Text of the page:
Objective: The human gut microbiome is strongly influenced by the administration of drugs, namely antibiotics. We hypothesized that the effectiveness of immunotherapy with pembrolizumab in oral squamous cell carcinoma patients is decreased by the administration of antibiotics three months before and after immunotherapy. Methods: We retrieved data from patients diagnosed with head and neck squamous cell carcinoma (HNSCC) (International Classification of Diseases [ICD]-10 codes C00-C14) and receiving immunotherapy with pembrolizumab from the TriNetX network. Two cohorts were built: patients in cohort I did not receive any antibiotics within three months before or up to three months after immunotherapy, while patients in cohort II were administered antibiotics at least once within three months before or after immunotherapy. To exclude confounders, we matched cohorts 1:1 for age, sex, secondary lymph node metastases, nicotine dependence, the insertion of feeding devices, body mass index (BMI) and severe sepsis. After defining the primary outcome as “death”, a Kaplan–Meier analysis was performed, and the risk ratio (RR), odds ratio (OR) and hazard ratio (HR) were calculated. Results: A total of 3651 patients were enrolled, and after matching, each cohort consisted of 1362 patients. Among cohorts I and II, 346 and 511 patients were deceased within one year (risk of death = 25.5 and 38.3%, respectively), whereby the risk difference was significant (p = 0.000; log-rank test). The RR was 0.68 (95% confidence interval: 0.60–0.76), OR was 0.57 (0.48–0.67) and HR was 0.58 (0.51–0.67). Conclusions: Our hypothesis was confirmed: administering antibiotics significantly decreases the drug effectiveness of immunotherapy. We hypothesize that this finding is associated with antibiotic-related changes in the gut microbiome. Prospective clinical studies on the gut microbiome in cancer patients are necessary to understand the complex ecosystem of microbiota during immunotherapy. Trial Registration: Due to the retrospective nature of the study, no registration was necessary. Full article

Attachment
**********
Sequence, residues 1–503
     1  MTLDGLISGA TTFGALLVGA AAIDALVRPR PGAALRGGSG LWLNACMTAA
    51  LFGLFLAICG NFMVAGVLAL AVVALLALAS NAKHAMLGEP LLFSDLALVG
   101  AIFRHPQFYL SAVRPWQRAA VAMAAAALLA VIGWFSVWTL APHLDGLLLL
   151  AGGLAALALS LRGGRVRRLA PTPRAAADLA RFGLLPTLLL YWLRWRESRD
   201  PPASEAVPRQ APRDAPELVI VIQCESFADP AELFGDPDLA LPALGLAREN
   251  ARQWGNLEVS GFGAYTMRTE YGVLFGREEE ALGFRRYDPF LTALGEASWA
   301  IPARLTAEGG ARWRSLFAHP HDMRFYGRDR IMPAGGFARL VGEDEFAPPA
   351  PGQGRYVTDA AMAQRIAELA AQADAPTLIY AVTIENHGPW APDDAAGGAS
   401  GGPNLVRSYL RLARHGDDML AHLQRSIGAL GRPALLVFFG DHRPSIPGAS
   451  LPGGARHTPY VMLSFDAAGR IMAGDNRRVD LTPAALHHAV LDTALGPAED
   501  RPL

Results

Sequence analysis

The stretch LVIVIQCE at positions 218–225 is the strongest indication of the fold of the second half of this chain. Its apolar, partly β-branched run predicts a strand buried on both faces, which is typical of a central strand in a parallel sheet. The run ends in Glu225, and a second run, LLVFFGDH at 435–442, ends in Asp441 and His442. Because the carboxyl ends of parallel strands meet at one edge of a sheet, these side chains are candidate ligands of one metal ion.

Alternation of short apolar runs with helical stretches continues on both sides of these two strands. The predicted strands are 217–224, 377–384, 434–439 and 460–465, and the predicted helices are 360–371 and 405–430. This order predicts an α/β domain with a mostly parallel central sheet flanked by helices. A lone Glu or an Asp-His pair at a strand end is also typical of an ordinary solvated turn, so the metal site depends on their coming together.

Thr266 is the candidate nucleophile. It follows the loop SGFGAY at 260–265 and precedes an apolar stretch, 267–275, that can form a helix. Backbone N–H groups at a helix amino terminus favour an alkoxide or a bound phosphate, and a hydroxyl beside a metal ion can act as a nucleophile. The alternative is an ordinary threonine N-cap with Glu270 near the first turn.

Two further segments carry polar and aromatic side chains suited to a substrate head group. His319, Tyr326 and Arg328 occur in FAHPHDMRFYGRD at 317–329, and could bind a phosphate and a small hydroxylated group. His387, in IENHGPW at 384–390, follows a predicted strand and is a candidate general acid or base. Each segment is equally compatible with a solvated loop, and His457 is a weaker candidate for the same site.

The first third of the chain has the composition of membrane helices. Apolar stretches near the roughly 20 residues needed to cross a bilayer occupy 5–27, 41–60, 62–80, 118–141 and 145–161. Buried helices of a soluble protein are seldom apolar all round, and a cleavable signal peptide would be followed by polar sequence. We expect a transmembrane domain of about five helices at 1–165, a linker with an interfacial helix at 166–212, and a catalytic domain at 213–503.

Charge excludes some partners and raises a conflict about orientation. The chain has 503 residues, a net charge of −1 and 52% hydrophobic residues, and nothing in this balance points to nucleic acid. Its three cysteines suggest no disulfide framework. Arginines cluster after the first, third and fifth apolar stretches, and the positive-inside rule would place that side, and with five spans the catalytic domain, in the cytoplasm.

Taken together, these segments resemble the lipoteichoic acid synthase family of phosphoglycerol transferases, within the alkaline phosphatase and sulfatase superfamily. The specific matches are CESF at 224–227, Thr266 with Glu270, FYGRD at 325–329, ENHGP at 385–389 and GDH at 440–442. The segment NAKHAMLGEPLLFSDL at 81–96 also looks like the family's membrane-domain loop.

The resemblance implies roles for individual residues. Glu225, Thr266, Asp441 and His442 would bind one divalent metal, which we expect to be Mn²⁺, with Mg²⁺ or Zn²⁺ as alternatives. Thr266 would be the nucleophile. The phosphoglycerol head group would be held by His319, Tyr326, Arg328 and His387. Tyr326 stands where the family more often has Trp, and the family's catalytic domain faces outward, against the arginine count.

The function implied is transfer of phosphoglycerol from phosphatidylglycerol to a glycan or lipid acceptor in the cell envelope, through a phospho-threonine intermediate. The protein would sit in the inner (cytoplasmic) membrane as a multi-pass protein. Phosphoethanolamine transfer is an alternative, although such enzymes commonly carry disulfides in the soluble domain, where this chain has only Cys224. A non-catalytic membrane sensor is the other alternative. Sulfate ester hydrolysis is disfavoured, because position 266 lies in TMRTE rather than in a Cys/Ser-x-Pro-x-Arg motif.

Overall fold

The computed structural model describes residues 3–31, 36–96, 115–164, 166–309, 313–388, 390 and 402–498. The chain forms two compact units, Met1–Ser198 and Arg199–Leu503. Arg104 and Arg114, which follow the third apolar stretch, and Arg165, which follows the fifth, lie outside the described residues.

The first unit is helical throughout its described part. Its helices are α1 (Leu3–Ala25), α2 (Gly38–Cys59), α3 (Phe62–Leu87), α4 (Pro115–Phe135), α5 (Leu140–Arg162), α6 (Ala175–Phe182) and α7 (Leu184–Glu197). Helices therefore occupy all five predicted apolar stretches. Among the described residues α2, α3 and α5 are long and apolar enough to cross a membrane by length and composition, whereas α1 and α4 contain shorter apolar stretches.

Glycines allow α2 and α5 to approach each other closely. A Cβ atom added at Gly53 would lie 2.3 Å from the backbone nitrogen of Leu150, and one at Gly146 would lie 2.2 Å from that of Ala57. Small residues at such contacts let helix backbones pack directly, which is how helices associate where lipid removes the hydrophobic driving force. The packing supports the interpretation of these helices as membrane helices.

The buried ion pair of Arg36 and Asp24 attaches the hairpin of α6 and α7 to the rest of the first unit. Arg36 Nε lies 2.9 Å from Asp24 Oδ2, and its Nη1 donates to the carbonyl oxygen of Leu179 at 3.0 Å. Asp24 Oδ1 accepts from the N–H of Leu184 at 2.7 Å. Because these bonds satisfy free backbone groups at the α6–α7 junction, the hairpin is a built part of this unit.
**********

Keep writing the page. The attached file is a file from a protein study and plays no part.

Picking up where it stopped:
(This article belongs to the Topic Gut Microbiota and Cancer)
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11 pages, 1555 KiB  
Article
Selective Decontamination of the Digestive Tract in Pancreatic Head Resections—A Propensity Score-Matched Analysis
J. Clin. Med. 2023, 12(1), 250; https://doi.org/10.3390/jcm12010250 - 29 Dec 2022
Viewed by 1507
Abstract
(1) Background: The postoperative morbidity rate after pancreatic head resection remains high, partly due to infectious complications. The primary aim of this study was to analyze the influence of selective decontamination of the digestive tract (SDD) on the postoperative infection rate after pancreatic [...] Read more.
(1) Background: The postoperative morbidity rate after pancreatic head resection remains high, partly due to infectious complications. The primary aim of this study was to analyze the influence of selective decontamination of the digestive tract (SDD) on the postoperative infection rate after pancreatic surgery. (2) Methods: From January 2019, the standard of care for patients undergoing pancreatic head resections at the Department for Visceral, Thoracic, and Vascular Surgery, University Hospital Dresden was the preoperative oral administration of SDD. The influence of SDD was evaluated for patients operated on between January 2019 and June 2020 in comparison to a propensity score-matched cohort, extracted from an existing database including all pancreatic resections from 2012 to 2018. The primary endpoint of the study was the shift of the bacterial load on the intraoperative bile swab test. The secondary endpoint was the association of SDD with postoperative complications. (3) Results: In total, 200 patients either with SDD (n = 100; 50%) or without SDD (non-SDD, n = 100; 50%) were analyzed. In the patient group without a preoperative biliary stent, 44% (n = 11) of the non-SDD group displayed positive bacterial results, whereas that was the case for only 21.7% (n = 10) in the SDD group (p = 0.05). Particularly, Enterobacter species (spp.) were reduced from 41.2% (n = 14) (non-SDD group) to 23.5% (n = 12) (SDD group) (p = 0.08), and Citrobacter spp. were reduced by 13.7% (p = 0.09) from the non-SDD to the SDD cohort. In patients with a preoperative biliary stent, the Gram-negative Enterobacter spp. were significantly reduced from 52.2% (n = 12) in the non-SDD group to 26.8% (n = 11) in the SDD group (p = 0.04). Similarly, Citrobacter spp. decreased by 20.6% from 30.4% (n = 7) to 9.8% (n = 4) in the non-SDD compared to the SDD group (p = 0.04). In general, deep fluid collection and abscesses occurred more frequently in the non-SDD group (36%; n = 36 vs. 27%; n = 27; p = 0.17). (4) Conclusions: Adoption of SDD before pancreatic head surgery may reduce the bacterial load in bile fluid. SDD administration does not significantly affect the postoperative infectious complication rate after pancreatic head resections. Full article
(This article belongs to the Topic Gut Microbiota and Cancer)